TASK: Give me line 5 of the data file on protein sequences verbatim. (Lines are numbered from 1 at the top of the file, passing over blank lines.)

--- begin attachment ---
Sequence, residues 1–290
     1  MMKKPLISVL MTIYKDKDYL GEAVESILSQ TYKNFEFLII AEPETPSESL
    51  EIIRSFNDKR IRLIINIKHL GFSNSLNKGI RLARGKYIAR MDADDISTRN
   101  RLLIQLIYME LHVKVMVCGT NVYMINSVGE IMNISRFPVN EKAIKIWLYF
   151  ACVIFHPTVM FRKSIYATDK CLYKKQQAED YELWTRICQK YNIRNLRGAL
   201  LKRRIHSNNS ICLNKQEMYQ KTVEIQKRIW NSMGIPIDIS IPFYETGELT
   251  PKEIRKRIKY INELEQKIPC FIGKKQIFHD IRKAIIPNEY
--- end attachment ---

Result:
   151  ACVIFHPTVM FRKSIYATDK CLYKKQQAED YELWTRICQK YNIRNLRGAL